The Importance of Continuing Medical Education



Andrea Funk, has been in the medical education industry since 2011. During her time with the Global Education Group, she’s focused on program management and operations with an emphasis on customer service. Andrea received her degree in business from the University of Denver. When she isn’t managing programs, mentoring employees, or completing outcomes and reconciliations, she likes to spend her time painting, crocheting, or at concerts.


Improving Global Health Through POCUS25



Dr. Victor Rao is a radiologist and POCUS pioneer who first introduced POCUS to future medical professionals at the University of South Carolina School of Medicine (USCSOM). Here, he developed the POCUS curriculum, and the POCUS learning and eLearning content geared towards medical and physician assistant students. Dr. Rao went on to present POCUS to the Arusha Lutheran Medical Center in Tanzania and the University of Santo Thomas in Manila, Philippines. His passions are ultrasound and point-of-care ultrasound.


How Technology is Changing POCUS



Thomas Baribeault is the founder of the Society for Opioid-Free Anesthesia (SOFA) and is currently serving as President. SOFA is a non-profit organization dedicated to education and research on opioid-free anesthesia and post-operative pain management. Thomas currently practices in Atlanta, Georgia and is responsible for implementing opioid free anesthesia and post-operative pain protocols. He received a bachelor’s degree in nursing from the Ohio State University, a Master of Science in nursing and anesthesia residency from Case Western Reserve University and a doctorate in nursing practice and pain management fellowship from the University of South Florida.

 

Additional Resources

  1. Don’t miss our blog on how the evolution of POCUS technology continues to advance perioperative care. (need link to blog)
  2. Read the American Society of Regional Anesthesia and Pain Medicine’s (ASRA) statement on why POCUS technology continues to be an innovative tool.
  3. Learn about the Top 10 Perioperative Applications of Point-of-Care Ultrasound for Anesthesiologists.
  4. Here are recommendations for Acquiring and maintaining point-of-care ultrasound (POCUS) competence for anesthesiologists.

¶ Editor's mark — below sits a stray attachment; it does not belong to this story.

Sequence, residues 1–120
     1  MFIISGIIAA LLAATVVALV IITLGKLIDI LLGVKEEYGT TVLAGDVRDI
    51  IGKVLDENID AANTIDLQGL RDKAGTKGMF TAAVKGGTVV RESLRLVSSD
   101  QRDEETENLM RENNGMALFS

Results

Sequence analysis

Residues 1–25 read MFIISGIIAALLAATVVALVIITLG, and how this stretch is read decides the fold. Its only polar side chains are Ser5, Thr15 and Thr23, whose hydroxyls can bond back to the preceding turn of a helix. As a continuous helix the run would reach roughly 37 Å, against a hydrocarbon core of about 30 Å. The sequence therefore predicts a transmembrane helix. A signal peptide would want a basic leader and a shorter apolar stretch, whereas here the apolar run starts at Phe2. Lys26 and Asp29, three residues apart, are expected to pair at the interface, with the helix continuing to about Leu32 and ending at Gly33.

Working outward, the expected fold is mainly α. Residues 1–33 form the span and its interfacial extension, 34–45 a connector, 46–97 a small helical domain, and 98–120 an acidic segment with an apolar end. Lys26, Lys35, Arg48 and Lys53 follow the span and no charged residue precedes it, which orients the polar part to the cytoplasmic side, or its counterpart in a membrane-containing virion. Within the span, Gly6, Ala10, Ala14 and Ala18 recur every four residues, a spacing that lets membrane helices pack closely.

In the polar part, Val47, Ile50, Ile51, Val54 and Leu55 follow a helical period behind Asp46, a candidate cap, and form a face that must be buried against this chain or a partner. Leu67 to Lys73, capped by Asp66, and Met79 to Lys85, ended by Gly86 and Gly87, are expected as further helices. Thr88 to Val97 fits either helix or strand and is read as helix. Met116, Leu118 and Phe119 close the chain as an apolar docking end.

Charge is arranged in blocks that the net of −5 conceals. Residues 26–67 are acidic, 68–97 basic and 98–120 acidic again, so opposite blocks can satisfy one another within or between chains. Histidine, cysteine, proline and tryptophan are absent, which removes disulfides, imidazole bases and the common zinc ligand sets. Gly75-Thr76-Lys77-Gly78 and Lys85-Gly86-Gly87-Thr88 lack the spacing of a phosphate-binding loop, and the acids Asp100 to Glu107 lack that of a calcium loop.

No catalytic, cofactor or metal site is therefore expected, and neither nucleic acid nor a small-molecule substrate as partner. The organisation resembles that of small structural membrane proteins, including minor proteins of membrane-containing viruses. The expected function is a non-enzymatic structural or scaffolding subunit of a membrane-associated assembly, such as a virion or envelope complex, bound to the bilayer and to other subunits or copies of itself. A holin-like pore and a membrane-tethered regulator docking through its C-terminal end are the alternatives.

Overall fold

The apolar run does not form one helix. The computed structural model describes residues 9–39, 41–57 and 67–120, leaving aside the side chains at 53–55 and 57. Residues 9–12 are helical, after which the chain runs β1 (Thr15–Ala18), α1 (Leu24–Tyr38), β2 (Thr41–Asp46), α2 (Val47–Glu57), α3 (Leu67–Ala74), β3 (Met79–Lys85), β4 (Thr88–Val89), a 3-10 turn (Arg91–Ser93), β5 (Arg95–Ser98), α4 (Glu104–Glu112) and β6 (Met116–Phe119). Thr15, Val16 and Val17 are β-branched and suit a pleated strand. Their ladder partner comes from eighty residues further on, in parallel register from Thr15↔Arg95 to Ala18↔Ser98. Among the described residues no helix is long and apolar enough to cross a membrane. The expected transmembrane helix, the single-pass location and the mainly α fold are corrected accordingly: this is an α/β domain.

5. Take a reflective look back at how far we’ve come in POCUS for Perioperative Point-of-Care Ultrasonography.

Tracking COVID-19 with Dr. Yale Tung Chen



Yale Tung Chen, MD, is an emergency medicine physician living with an active COVID-19 infection. He currently serves as the Director of the Ultrasound Division at Hospital Universitario La Paz in Madrid, Spain.


The Benefits of POCUS in a Family Practice Setting



 

Dr. Nicole Yedlinsky is an Assistant Professor in the Department of Family Medicine and Community Health at the University of Kansas Medical Center in Kansas City, KS. She received her medical degree from Tulane University School of Medicine in New Orleans, LA. She completed Family Medicine
Residency at Womack Army Medical Center, Fort Bragg, NC, and Primary Care Sports Medicine Fellowship at VCU-Fairfax Family Practice, Fairfax, VA.

She practices family medicine, obstetrics, and sports medicine, and utilizes POCUS daily. She is registered in musculoskeletal ultrasonography (RMSK). Dr. Yedlinsky has established POCUS training for the family medicine residents, teaches MSK ultrasound to the sports medicine fellows, and is
developing curriculum for medical student ultrasound training.


Climate Change Impacts on Patient Healthcare



“The face to me, of the climate crisis, is the little kid struggling to breath, and that, is scary as hell.”

 

Dr. Covert-Bowlds is a family doctor at Kaiser Permanente Northgate Medical Center in Seattle. He has been doing ultrasound for soft tissue diagnosis and treatment, joint and bursa aspirations, and injections. Climate activists with Washington Physicians for Social Responsibility Climate and Health Task Force. He is also a daily bicycle commuter.